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This page presented an issue for consideration in the CC license suite 4.0 versioning process. The discussions have now concluded with the publication of the 4.0 licenses, and the information on this page is now kept as an archive of previous discussions. The primary forum for issues relating to the 4.0 versioning process was the CC license discuss email list. You may subscribe to contribute to any continuing post-launch discussions, such as those surrounding compatibility and license translation. The wiki has been populated with links to relevant email threads from the mailing list where applicable, and other topics for discussion were raised in the 4.0/Sandbox. See the 4.0 page for more about the process.

The NonCommmercial (NC) term has for CC's entire history been more popular than ShareAlike and NoDerivatives, the other two optional terms in the CC license suite, though its popularity has slowly but steadily declined.[1] The term as it has appeared in all international versions thus far (1.0,[2] 2.0,[3] 2.5,[4] 3.0[5]):

You may not exercise any of the rights granted to You in Section 3 above in any manner that is primarily intended for or directed toward commercial advantage or private monetary compensation. The exchange of the Work for other copyrighted works by means of digital file-sharing or otherwise shall not be considered to be intended for or directed toward commercial advantage or private monetary compensation, provided there is no payment of any monetary compensation in connection with the exchange of copyrighted works.'

This is reflected on NC license deeds as:[6]

Noncommercial — You may not use this work for commercial purposes.

Also in the CC license chooser, with the following question:[7]

Allow commercial uses of your work? ( ) Yes ( ) No

In addition to much use, the NC term has attracted much discussion and criticism on two grounds:

  1. uncertainty as to whether particular uses fall in the scope of the term (currently, digital file sharing is the only type of use explicitly stated to be noncommercial)
  2. works licensed using the term are not fully free/open and the attractiveness of the term, or of CC itself, could lead to under-use of fully open terms (i.e., CC0, CC BY, and CC BY-SA)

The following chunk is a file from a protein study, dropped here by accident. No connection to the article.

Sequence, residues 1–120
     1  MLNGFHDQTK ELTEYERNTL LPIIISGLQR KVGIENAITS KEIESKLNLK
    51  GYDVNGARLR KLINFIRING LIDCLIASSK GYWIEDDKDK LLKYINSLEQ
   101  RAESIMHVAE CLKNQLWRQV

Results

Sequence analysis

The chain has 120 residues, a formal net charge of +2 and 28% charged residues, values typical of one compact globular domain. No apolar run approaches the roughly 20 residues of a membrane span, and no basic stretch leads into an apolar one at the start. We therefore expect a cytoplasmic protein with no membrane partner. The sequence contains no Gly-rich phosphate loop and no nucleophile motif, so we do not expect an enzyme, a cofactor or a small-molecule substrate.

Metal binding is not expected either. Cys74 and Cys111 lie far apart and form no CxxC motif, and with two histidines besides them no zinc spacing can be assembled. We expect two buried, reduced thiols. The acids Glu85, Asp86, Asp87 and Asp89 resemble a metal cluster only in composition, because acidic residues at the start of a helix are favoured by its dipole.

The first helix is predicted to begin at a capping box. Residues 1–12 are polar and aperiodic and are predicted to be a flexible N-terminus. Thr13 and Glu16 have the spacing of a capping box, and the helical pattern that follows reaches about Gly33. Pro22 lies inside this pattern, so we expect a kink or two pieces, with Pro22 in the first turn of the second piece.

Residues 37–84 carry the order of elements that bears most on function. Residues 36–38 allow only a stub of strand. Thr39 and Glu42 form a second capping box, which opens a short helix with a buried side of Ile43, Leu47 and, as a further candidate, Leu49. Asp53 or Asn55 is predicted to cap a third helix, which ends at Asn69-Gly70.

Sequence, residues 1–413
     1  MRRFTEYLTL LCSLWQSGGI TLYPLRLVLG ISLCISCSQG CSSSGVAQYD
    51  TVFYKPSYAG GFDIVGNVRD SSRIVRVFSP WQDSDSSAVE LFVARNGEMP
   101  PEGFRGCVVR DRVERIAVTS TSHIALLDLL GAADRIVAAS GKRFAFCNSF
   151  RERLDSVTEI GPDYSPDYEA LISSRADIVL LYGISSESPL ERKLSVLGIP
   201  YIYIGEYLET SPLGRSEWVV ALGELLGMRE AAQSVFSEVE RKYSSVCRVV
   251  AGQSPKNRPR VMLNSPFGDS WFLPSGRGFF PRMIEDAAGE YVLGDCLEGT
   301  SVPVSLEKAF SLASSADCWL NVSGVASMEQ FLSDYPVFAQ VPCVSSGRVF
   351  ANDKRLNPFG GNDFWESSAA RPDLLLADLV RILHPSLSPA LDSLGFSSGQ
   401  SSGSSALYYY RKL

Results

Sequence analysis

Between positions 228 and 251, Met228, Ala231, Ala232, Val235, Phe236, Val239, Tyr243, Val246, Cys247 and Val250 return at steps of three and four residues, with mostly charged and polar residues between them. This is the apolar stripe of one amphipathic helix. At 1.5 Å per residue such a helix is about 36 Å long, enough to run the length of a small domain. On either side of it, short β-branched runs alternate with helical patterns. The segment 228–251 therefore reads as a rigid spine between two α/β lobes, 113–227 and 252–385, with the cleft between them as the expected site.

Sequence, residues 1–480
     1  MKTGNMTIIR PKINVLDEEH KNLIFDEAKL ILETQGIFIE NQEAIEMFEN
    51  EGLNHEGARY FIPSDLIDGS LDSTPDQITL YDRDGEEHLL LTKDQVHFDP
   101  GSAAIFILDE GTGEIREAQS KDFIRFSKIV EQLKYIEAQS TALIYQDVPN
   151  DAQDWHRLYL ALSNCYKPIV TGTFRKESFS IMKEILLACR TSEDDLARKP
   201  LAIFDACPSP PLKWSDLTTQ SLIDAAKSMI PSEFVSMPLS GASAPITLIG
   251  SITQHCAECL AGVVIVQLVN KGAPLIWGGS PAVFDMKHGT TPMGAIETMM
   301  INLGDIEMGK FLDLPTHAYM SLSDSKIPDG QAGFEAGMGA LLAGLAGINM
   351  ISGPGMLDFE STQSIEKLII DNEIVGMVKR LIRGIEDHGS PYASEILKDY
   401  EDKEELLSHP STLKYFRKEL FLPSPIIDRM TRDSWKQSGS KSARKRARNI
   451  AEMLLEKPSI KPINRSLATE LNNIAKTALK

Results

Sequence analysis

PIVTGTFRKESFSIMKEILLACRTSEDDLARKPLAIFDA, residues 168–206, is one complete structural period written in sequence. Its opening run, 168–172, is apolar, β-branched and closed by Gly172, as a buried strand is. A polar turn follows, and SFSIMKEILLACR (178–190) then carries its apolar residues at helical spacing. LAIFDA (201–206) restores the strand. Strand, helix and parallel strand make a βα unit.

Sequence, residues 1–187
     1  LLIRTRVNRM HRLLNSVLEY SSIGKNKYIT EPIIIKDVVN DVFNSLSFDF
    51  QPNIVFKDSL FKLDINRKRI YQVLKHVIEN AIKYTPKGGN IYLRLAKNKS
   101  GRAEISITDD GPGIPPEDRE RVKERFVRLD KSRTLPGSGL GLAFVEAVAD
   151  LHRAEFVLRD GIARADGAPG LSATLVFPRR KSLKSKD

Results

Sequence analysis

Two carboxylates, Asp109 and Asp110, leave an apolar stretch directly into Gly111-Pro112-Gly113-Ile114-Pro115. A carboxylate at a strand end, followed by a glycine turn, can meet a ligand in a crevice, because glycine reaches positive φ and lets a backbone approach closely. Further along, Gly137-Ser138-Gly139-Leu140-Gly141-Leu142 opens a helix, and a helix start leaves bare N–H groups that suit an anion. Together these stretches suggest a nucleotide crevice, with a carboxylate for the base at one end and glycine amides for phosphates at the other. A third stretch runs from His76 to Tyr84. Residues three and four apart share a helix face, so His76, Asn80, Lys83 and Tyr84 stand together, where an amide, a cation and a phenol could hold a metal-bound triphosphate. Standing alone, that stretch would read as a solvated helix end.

Several legal cases have involved works under CC licenses containing the NC term.

The popularity of the NC term, and debate around it, indicate that it is an important issue to examine rigorously, and get right (see the main 4.0 page for context of overall goals) -- which could mean changes in the 4.0 suite, changes outside the licenses themselves, or retaining the exact language used thus far.

Proposals for 4.0

For ease of reference on discussion lists, please do not alter proposal numbers.

NC Proposal No. 1: Clarify the definition of NonCommercial in the licenses to match wishes of most conservative NC licensors. (e.g., making it clear that use of a licensed work on an ad-supported website is commercial)

  • Pros:
  • Cons:
  • Other comments: See also Proposal No 5; a 2009 CC study found licensees tend to interpret NC conservatively.

NC Proposal No. 2: Narrow the definition of NonCommercial in the licenses to match wishes of most permissive NC licensors. (e.g., making it clear that use of a licensed work on an ad-supported website is non-commercial)

  • Pros:
  • Cons:
  • Other comments: Even if the definition of 'commercial' is not narrowed or broadened, there may be some need to clarify it given widespread confusion; a 2009 CC study found licensors tend to interpret NC liberally.

NC Proposal No. 3: Eliminate or re-brand the NC licenses at 4.0 so they do not use the Creative Commons name, or otherwise stand apart.

  • Pros:
  • Cons:
  • Other comments: The majority (albeit a diminishing majority) of CC works are NC-licensed

NC Proposal No. 4: Eliminate one or more (but not all) of the NC licenses from the 4.0 license suite.

  • BY-NC [Note: please visit the 4.0/Treatment of adaptations page to comment on this proposal.]
  • BY-NC-SA
    • Pros: BY-NC-SA and BY-SA are incompatible, creating two corralled reciprocal commons.
    • Cons:
    • Other comments:
  • BY-NC-ND
    • Pros:
    • Cons:
    • Other comments: The most conservative CC licence and potentially a 'stepping stone' to more liberal licences.